News

2015-08-28 |

European Commission confirmed that Latvia and Greece had asked for GMO opt-out

Latvia, Greece win opt-out from Monsanto GM crop

Monsanto said it would abide by Latvia's and Greece's requests under a new EU opt-out law to be excluded from its application to grow a genetically modified (GM) crop across the European Union, but accused them of ignoring science.

Under a law signed in March, individual countries can seek exclusion from any approval request for GM cultivation across the EU. While the European Commission is responsible for approvals, requests to be excluded also have to be submitted to the company making the application.

GM crops are widely-grown in the Americas and Asia, but Monsanto's pest-resistant MON810 is the only variety grown in Europe, where opposition is fierce.

France and Germany have said they are opposed to GM cultivation, and while Britain is in favour, the Scottish government is against.

2015-08-26 |

EU 15 countries and Western Balkans discussed ways to preserve a “GMO-free model” in the EU

EU Wants To Keep Europe GMO Free

The European Union (EU) said it wants to keep Europe free of genetically modified crops as ministers and other officials from 15 EU and Western Balkans gathered for an international conference in Slovenia.

“Most of the EU sees its future free of GMO,” Slovenian Agriculture, Forestry and Food Minister Dejan Zidan told the press at the conference on Friday on the eve of Agra, the region’s biggest agriculture and food fair due to be held on Saturday, Xinhua reported.

The conference, which was organised together with Hungary, also featured Luxembourg’s Fernand Etgen, the current president of the EU’s Agriculture Council, and focussed on a recently adopted directive which allows EU countries to limit or prohibit the growing of genetically modified plants.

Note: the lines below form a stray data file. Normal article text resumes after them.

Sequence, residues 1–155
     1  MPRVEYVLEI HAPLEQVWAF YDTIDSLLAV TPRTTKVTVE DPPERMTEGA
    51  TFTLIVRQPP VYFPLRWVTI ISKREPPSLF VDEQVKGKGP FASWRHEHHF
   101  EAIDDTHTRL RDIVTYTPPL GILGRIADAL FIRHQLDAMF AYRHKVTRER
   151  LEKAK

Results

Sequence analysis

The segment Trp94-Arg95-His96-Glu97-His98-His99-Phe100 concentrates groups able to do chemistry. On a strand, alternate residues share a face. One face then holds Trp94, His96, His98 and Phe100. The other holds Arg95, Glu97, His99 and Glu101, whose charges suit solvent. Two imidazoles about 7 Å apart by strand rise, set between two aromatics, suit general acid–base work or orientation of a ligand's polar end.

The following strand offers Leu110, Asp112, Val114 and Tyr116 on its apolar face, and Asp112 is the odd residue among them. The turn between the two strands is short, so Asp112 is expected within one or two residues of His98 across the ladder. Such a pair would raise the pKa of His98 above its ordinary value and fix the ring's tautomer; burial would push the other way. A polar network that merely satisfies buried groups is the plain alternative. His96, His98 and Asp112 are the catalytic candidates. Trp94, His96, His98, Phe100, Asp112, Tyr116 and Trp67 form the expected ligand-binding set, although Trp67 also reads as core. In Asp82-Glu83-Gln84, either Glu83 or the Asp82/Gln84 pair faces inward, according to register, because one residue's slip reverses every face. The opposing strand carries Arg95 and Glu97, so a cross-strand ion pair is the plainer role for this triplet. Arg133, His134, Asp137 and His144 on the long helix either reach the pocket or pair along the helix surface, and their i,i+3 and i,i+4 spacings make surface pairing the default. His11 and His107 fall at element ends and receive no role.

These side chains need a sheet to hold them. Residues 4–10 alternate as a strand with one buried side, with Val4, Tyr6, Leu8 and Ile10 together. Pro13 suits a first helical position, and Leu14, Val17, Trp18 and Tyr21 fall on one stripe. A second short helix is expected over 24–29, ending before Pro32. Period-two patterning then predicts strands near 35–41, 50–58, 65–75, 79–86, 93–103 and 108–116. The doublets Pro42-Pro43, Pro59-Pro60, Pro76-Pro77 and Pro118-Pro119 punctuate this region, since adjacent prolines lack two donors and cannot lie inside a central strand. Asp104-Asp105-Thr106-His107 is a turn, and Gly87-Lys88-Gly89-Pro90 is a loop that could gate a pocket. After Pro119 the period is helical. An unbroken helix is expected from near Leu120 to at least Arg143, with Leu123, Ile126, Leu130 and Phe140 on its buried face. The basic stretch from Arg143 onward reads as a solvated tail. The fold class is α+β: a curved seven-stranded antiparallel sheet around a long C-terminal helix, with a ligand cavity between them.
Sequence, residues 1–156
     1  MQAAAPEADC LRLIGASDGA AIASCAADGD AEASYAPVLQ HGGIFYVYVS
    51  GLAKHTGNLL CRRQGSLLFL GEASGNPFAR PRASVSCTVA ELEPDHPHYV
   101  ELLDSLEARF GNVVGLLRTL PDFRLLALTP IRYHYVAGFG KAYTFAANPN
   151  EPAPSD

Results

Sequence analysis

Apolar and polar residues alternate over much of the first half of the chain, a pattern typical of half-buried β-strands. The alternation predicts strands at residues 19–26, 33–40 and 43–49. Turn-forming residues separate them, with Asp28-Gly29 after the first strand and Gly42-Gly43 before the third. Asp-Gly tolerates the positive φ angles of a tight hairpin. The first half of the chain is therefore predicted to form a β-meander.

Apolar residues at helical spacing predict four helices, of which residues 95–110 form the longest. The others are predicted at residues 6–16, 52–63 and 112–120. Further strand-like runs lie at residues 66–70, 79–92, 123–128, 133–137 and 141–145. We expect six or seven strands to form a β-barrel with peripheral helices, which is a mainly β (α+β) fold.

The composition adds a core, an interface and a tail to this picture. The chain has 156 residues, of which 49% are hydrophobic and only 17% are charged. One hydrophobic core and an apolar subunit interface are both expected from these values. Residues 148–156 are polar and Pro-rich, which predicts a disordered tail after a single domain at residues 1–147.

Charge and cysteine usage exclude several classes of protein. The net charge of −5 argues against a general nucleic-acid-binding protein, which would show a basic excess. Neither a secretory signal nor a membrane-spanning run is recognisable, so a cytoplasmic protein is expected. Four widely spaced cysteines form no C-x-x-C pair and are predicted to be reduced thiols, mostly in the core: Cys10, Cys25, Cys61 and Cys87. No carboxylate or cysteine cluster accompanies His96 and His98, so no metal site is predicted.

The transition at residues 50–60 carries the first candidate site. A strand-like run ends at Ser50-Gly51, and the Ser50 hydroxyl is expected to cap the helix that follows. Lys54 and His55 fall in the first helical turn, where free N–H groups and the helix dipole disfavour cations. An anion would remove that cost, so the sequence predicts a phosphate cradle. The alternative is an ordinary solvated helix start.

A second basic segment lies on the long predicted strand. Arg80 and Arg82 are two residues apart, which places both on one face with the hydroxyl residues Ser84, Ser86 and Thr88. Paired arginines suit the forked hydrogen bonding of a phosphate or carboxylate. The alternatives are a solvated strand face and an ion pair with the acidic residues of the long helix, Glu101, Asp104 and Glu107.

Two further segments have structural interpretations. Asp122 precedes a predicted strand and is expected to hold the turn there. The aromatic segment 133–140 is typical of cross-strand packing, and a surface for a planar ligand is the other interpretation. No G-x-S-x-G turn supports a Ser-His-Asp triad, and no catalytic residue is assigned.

2015-08-25 |

Germany seeks a nationwide GMO cultivation ban: There’s resistance from all sides, from the public to the farmers

FEDERAL MINISTRY OF FOOD AND AGRICULTURE FEDERAL MINISTRY OF FOOD AND AGRICULTURE

Germany: No More GMO Seeds

Germany is taking steps to outlaw the cultivation of genetically modified crops in the Europe’s biggest economy.

The Agriculture Ministry plans to officially request that producers of GMOs exclude Germany when applying to sell seeds in European Union, Christian Fronczak, a spokesman for the government, said Tuesday. Scotland took similar measures earlier this month.

“The German government is clear in that it seeks a nationwide cultivation ban,” Fronczak said by phone from Berlin. “There’s resistance from all sides, from the public to the farmers.”

2015-08-24 |

In Kauai, chemical companies spray 17 times more pesticide per acre

Hawaiʻi Center for Food Safety Action Fund Hawaiʻi Center for Food Safety Action Fund

Pesticides in paradise: Hawaii's spike in birth defects puts focus on GM crops

Local doctors are in the eye of a storm swirling for the past three years over whether corn that’s been genetically modified to resist pesticides is a source of prosperity, as companies claim, or of birth defects and illnesses

(.....)
Today, about 90% of industrial GMO corn grown in the US was originally developed in Hawaii, with the island of Kauai hosting the biggest area. The balmy weather yields three crops a year instead of one, allowing the companies to bring a new strain to market in a third of the time.

Once it’s ready, the same fields are used to raise seed corn, which is sent to contract farms on the mainland. It is their output, called by critics a pesticide delivery system, that is sold to the US farmers, along with the pesticides manufactured by the breeder that each strain has been modified to tolerate.

Corn’s uses are as industrial as its cultivation: less than 1% is eaten. About 40% is turned into ethanol for cars, 36% becomes cattle feed, 10% is used by the food industry and the rest is exported.

‘We just want to gather information’

2015-08-23 |

More consumers say no to GMO and farmers return to non-GMO seeds

Growers returning to unaltered crops
High sale prices of non-GMO yields have many buying conventional seeds

ST. LOUIS -- Five years ago, Dan Beyers took his farm in a new direction. Or, rather, back in an old direction. The Pana, Ill.-area farmer had been using corn and soybean seeds genetically modified to work with glyphosate -- the generic name for Monsanto's signature Roundup herbicide. But he reached a point at which he said it no longer made sense from a dollars standpoint.

So he turned his back on GMO crops.

"As they added more traits, we didn't really see a yield advantage. And every time they added a trait, they added cost," said Beyers, who said he also worries that GMO seeds could be damaging his soil.

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